Top Wisconsin Democrats focus on Sen. Johnson in debate

Top Wisconsin Democrats focus on Sen. Johnson in debate

Top Democrats vying for a chance to take on U.S. Sen. Ron Johnson in Wisconsin turned their sights on their Republican opponent during Sunday’s first and only televised debate, where the only female candidate blamed men for not doing more for abortion rights. .

The debate bringing together the five candidates took place just three weeks before the Aug. 9 primary. The winner will face Johnson, who is seeking a third term, in what is expected to be one of the nation’s most expensive and hotly contested races with majority control of the Senate.

Polls show Lt. Gov. Mandela Barnes and Milwaukee Bucks executive Alex Lasry leading the crowded field. Both Barnes and Lasry focused on Johnson, not each other, in the debate, as they advocated escaping the Senate filibuster to pass a bill protecting abortion rights, passing gun protection laws, protecting the environment and tax changes to benefit the middle class. .

Burns pointed to his 2018 victory as then-Governor Tony Evers’ running mate. Scott Walker as proof that he knows how to beat a statewide Republican. Lasry cited his union support for suing Johnson.

State Treasurer Sarah Godlewski, the only woman in the race, took aim at her male opponents on abortion, asking why they didn’t make it more of a priority before the U.S. Supreme Court overturned the Roe v. Wade decision last month. 1849 State law banning abortion in Wisconsin goes back into effect.

Outagamie County Executive Tom Nelson, who was trailing in the election, attacked Godlewski for not voting in the 2016 election won by Donald Trump. He briefly carried Wisconsin that year before losing the state by nearly the same margin in 2020.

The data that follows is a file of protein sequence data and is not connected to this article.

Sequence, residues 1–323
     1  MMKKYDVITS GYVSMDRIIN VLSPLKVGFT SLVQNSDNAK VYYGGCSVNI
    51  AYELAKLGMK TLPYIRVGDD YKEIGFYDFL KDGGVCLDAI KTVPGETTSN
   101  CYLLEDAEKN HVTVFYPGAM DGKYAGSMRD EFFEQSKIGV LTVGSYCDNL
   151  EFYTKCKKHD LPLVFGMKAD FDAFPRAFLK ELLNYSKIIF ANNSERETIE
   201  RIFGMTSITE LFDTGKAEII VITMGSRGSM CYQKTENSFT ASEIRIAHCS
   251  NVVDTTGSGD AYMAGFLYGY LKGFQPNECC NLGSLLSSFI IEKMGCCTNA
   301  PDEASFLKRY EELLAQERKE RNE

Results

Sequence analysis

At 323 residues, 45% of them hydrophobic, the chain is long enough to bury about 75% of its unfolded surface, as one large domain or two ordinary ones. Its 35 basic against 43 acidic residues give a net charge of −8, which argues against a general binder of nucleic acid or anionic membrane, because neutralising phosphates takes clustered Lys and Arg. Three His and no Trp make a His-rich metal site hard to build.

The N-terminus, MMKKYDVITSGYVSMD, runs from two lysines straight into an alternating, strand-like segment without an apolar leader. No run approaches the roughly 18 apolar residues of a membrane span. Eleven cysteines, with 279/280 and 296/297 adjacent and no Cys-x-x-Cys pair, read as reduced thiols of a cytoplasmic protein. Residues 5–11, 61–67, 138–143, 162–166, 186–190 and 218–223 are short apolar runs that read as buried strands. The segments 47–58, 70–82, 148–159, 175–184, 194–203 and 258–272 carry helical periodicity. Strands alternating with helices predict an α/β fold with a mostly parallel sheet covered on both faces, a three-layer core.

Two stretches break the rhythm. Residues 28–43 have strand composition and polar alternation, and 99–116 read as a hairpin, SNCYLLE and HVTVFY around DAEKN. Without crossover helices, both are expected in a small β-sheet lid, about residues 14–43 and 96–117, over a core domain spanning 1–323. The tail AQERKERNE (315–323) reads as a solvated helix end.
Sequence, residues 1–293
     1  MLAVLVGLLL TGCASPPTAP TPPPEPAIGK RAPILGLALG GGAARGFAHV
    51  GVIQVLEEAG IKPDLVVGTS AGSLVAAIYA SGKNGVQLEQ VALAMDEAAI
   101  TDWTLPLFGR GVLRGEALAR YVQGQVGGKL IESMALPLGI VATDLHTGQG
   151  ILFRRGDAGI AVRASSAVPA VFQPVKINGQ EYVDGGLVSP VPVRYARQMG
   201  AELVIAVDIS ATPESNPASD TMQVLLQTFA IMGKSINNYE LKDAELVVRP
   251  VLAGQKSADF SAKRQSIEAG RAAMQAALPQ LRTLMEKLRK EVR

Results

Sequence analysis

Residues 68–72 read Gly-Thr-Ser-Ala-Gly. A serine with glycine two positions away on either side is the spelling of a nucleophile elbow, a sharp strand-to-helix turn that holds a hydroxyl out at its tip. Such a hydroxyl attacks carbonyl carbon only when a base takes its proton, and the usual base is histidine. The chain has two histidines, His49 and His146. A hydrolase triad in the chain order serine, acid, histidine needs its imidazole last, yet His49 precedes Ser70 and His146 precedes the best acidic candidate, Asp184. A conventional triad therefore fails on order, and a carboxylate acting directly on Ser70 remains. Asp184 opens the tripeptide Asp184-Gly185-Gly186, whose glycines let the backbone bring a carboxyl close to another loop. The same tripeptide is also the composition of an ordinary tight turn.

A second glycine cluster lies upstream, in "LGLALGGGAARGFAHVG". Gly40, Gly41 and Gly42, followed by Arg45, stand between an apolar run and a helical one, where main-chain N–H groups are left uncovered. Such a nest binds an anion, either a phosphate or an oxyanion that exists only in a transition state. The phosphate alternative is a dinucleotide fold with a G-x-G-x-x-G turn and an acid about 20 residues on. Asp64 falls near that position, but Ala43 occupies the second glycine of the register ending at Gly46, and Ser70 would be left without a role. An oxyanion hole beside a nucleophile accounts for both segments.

Godlewski worked for Democrat Hillary Clinton’s campaign in Wisconsin in 2016 but records show she did not vote.

“As the only woman on this stage, I don’t need a man lecturing me about how important the 2016 election was,” Godlewski said, citing her work for Clinton as director of outreach to female voters. “I was the only one. One talking about reproductive rights because it’s not a concern for me.”

Barnes, who launched a television ad last week in which his mother spoke about terminating the pregnancy, said she supported exploring “every option to ensure women get the health care they need and deserve.”

Lasry, who noted that his wife works for Planned Parenthood, said defeating Johnson and eliminating the filibuster were key to passing legislation protecting abortion rights.

“We need to do everything we can to make sure women can make their own health care decisions the same way men can make their own health care decisions,” Lasry said.

A fifth candidate, Steven Olikara, cited his experience leading a group called the Millennium Action Project that worked to empower young people to bridge partisan divides. He said that he is running to change the system and reduce the influence of big money in politics.

Campaign finance reports filed last week showed Johnson raised nearly $7 million over the past three months, more than the top four Democratic candidates combined. Lasseri, whose father co-owns the Milwaukee Bucks, loaned his campaign $6.5 million of his own money.

The Milwaukee Journal Sentinel reported that the latest campaign finance reports showed Johnson had about $2 million on hand after spending about $6.5 million on advertising in the second quarter.

Lasseri actually cost Johnson $6.7 million in personal loans even though his campaign brought in only $520,000 in outside donations.

Barnes raised $2.1 million in donations, Godlewski raised $900,000 and loaned his campaign $600,000, and Nelson raised $230,000.

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